Saturday, January 14, 2012

What Nobody Talks About With Blended Learning

Blended learning, or using an online curriculum with face-to-face teacher contact, isn't talked about much in Colorado because state law doesn't allow for blended learning schools. Sure, schools could offer the blended learning model, but they wouldn't get paid for those students. Well let me clarify with a caveat: district-operated public schools can offer a blended learning model, but not charter schools.

Districts can use a blended model because they have more flexibility in how those students are counted. They could, for purposes of the funding paperwork, be brick and mortar (BAM) students with the online portion as supplemental. Or the students could be recognized as being fully online although they still come to a BAM school for a certain number of days each week.

Charter schools don't have that flexibility because they operate under contract with the district authorizer and have only a finite number of students. In other words, there's less places to hide students.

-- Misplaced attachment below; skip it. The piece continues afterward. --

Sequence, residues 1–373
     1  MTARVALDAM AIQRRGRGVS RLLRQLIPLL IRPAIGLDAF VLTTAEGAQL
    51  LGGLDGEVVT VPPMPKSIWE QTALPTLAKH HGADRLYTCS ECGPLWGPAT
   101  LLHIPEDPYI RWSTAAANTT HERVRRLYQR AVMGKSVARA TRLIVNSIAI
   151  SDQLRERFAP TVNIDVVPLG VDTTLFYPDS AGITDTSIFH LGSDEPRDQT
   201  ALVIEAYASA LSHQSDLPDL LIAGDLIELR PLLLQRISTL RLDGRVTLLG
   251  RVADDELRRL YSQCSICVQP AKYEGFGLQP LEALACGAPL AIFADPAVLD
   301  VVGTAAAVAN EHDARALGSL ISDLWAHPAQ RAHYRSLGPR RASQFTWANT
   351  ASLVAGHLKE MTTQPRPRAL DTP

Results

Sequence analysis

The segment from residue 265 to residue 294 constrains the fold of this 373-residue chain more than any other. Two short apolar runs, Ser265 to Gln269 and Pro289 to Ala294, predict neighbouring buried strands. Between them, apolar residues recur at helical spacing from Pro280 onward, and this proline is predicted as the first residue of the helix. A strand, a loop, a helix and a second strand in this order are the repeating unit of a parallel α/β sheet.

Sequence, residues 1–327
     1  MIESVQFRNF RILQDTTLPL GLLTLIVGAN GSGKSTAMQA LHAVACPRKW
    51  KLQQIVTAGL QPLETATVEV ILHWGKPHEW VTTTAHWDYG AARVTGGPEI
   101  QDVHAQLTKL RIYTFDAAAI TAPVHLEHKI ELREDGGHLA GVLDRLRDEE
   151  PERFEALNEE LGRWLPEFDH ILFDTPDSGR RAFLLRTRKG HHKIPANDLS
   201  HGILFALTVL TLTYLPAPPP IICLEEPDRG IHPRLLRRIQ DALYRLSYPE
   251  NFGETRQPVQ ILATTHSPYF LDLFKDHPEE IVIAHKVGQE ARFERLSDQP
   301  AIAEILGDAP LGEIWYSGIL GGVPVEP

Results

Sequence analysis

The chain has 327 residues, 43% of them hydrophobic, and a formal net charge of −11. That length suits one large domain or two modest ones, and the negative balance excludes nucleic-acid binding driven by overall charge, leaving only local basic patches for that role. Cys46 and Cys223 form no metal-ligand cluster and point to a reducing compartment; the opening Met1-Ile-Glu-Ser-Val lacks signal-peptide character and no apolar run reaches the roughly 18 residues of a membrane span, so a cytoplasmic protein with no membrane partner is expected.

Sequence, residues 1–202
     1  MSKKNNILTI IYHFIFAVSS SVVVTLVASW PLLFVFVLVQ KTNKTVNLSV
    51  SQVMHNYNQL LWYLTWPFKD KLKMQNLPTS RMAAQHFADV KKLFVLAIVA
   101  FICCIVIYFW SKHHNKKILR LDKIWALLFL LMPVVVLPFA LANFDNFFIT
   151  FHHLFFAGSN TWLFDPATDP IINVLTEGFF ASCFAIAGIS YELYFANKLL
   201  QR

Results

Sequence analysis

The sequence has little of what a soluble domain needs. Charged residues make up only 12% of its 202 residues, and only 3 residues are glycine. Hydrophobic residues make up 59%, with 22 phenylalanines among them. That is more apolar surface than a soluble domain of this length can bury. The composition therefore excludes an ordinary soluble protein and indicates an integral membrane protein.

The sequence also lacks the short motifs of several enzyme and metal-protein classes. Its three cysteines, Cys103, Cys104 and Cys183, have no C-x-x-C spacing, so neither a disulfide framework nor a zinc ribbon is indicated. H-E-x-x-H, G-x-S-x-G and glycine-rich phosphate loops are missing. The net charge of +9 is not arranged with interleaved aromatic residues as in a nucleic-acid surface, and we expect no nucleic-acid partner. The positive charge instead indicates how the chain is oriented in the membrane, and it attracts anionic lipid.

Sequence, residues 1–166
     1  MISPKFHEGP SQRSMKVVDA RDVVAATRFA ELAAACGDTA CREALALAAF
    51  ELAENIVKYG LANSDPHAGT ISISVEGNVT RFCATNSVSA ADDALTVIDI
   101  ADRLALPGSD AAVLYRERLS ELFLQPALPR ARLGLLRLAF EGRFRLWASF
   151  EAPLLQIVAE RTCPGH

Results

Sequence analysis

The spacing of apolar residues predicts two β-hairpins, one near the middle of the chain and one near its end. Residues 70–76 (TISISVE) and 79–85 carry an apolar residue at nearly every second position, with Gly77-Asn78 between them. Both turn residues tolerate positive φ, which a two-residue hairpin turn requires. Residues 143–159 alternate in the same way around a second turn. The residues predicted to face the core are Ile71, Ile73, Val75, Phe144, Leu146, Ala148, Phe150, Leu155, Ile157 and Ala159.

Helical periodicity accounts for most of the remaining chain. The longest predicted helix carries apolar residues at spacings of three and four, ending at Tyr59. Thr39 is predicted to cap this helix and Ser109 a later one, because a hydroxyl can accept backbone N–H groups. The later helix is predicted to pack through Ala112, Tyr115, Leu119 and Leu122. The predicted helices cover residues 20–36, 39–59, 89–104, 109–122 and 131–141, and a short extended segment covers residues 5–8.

State policy was created (as much state policy is), in reaction to various situations that happened rather than sitting back and asking what was best for the individual student. It doesn't take a rocket scientist to figure out that a blended model is better for most students. Whether students are young, high risk or simply extremely social, having the interaction of an adult to explain difficult lessons and help them stay committed to the task of independent learning is always a good thing.

So rather than acknowledge the benefits of blended learning, Colorado state policy provides for "learning centers." These are basically private schools that use an online curriculum. Online schools can also have "drop-in centers." Although this isn't defined in statute, it means that online schools have a physical location where students can come for additional assistance. There are even students who are "strongly encouraged" to come to the drop-in center on a regular basis for additional help. But they cannot be "required" to come to the center at a specific time or for a specific length of time. It's all in how it's worded for the student and a "wink-wink" from the teacher.

One of the best things about blended learning also makes it the most confusing. That's because there is no clear definition of what it is. It's a significant variety of models along a paradigm from fully online to fully BAM. But that's why it's so ideal: it meets the individual needs of students in a variety of ways.

It's certain that this year's General Assembly will be talking about online learning. If they were really interested in doing what's best for students, they'd be talking about how to provide for blended learning.

No comments:

Post a Comment